Apr 28, 2022
Aug 3, 2021
Nov 20, 2019
Mar 26, 2018
by Robert Dean
Living in New Orleans is a pressure cooker. The drinking never stops, there’s always a bill due, and there’s never enough overtime. A constant threat of violence lurks omnipresent, and there’s never a night when you can’t stumble into trouble or the best time of your life.
I had to get out of the city. Every six months, I found an excuse to get away from the noise, Bourbon Street, and collect myself. I’d take long rides, going into the abyss on my days off. It didn’t matter where the destination was.
I’d recently broken up with an ex-girlfriend. I floated between trying to understand my place in the city, and also wondering where I’d land career-wise. I was stuck dancing around on Bourbon Street stages while pushing every scrap of writing I could. Everything internally was in a tailspin. I ached for resolve, for a plan. I drank like a fish and slept for days at a time. Drink, write, read, work, and repeat.
I kept a set schedule at work, which allowed me to make plans, I got in my 2004 Ford Mustang and floored it out of the city. I headed to Alabama. I drove endlessly shuffling through my book of cd’s, jamming Elvis, Johnny Cash, Hank, Waylon, JD McPherson, George Jones, to remember a few. I popped across Mississippi and cruised the back roads of Alabama, searching for the ghost of Hank Williams, a wild spirit who’d died too young.
At the time, I felt like we were kindred spirits, as I was known to wail on a bottle a time or two in the dark recesses of the French Quarter while Hank’s escapades were the basis for an entire music genre. Hank Williams has always made sense to me and why he’ll endure centuries after this one; he’s merely too human. His tragedies color many of our own, and because his deliverance was so pure, so tactile, it’s hard not to fall in love with.
Years later, "I'm So Lonesome I Could Cry" is still my favorite song of all time and it still haunts me no matter how many times I hear it. There’s a genuine sadness caught on tape that day and no matter how many artists cover it or try to crack its core, none ever will – that day Hank caught fire.
For hours I trucked through little towns and hillbilly outposts, burning rubber toward the trail of Hank Williams. I stopped in the center of Montgomery and stood near his statue at the center of town, sharing a secret with the man many passes by daily without a second glance. I peered into the window of the Hank Williams Museum, cursing myself for arriving in town on the one day it was closed.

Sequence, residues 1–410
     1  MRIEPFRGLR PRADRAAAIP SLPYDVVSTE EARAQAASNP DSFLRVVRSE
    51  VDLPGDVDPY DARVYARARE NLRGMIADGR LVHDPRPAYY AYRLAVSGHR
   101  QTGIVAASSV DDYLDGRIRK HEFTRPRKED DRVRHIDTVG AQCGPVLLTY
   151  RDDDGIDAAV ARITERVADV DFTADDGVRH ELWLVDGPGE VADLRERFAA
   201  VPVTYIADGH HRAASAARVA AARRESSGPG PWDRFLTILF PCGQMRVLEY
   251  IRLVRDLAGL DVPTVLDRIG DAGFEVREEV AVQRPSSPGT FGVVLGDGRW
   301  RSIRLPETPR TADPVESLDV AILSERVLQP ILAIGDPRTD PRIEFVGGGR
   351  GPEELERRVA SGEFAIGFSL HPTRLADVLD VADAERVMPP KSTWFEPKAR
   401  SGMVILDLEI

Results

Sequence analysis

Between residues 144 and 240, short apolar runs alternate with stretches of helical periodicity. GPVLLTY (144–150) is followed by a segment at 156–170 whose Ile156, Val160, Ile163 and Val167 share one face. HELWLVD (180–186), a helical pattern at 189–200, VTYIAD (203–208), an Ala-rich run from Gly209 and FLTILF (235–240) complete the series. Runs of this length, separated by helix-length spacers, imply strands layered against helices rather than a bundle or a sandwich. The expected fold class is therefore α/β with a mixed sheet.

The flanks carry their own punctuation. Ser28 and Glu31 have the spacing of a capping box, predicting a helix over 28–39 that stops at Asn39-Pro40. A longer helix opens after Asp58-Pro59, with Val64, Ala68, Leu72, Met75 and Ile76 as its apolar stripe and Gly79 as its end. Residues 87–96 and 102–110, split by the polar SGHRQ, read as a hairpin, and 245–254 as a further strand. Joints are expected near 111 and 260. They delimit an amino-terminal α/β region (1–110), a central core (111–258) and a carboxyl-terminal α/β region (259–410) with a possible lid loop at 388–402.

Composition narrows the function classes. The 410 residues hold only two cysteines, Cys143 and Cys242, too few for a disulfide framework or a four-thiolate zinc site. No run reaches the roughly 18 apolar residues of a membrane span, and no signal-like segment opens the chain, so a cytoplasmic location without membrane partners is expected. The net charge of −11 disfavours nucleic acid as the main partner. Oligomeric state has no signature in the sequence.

I wolfed down hot dogs and a Coke at Chris’ Hot Dogs just like Hank used to do. I sat at the ancient counter feeling like I was partaking in a ritual. I paid my respects at Oakwood cemetery and took more than a few minutes to relish the silence and enjoy being utterly alone. No one else pulled up to join me in my tribute; this moment was between Hank and me.
I rolled up to Georgiana, AL and walked the floors of the Hank Williams boyhood home museum, where I managed to pick up an original program from Hank’s funeral. Everything I did, it felt like I was leading up to a moment, a feeling, but really, it was just me trying to understand my ghosts along with Hank’s.
I-65 between Georgiana and Montgomery is known as “The Lost Highway.” I likened it to a spiritual journey, a conquest only I could take along the way. I stopped and ate Chic-a-fila since it hadn’t spread nationwide yet. It was a Deep South delicacy I’d only heard was succulent and boy howdy were those first bites a communion.
I rolled through those 55 miles and back, trying to will something through his death and my living. By now it was the dead of night. Because I kept graveyard shift hours, the exercise and the return home wasn’t a big deal. But, I was out there searching for something. I’d wanted so much to resolve itself through the music, through the miles, but the dead keep their secrets. I wanted to know how I could harness that energy, which Hank emitted, how a guy blew fire at such a young age, while I was still blowing smoke, trying to get my wings as a writer.
What I realized there was I just needed to gnash my teeth, put my head down and do the fucking work. There was no mojo, no spell and no way to make my bones without some bumps and bruises. That trip was the first leg of self-realization and that maybe “Hank didn’t do it that way.”
I drove back to New Orleans and arrived sometime early morning. I fell into my bed nourished but still looking for fulfillment. I took my ride with Hank Williams but knew as soon as I arrived home, I had work to do, I had to get back to writing. A few months later, I tattooed Hank on my left wrist, reminding me that he’ll be with me for eternity, a ghost I don’t mind guiding me.
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We Are Bro-Country
(Lyric parody of Hank Jr's "Young Country")
We are bro-country, we are bad ass
Illegitimate children of inbred white trash
Our hair might be faux-hawked, jeans glittered and spiked
We know how to get drunk and go lookin' for fights
We know what's tight, glass pack exhaust
And if you don't like it, I'll punch you, boss
We name drop the old stuff, but we only like new
And we do our own rappin', blue jean booty slappin'
If you're offended, F you
We are bro country, we ain't too bright
Our music and lifestyles, are big piles of shite
We don't have diplomas, or shirts that fit right
but we know how to bang skanks come Saturday night
We like Eminem, we get faded to EDM
We like Lil Wayne and Jay-Z and T-Pain
Old Hank would be sick, wait who is old Hank?
We like our country mixed with hip-hop and stank
We are bro-country, we have no pride
Except in our bench press and sweet jacked up rides
Kid Rock would be proud and Fred Durst give props
'cause we like our country with drum loops and bass drops
We like to smoke bowls, we like to roll coal
Don't like it? F u!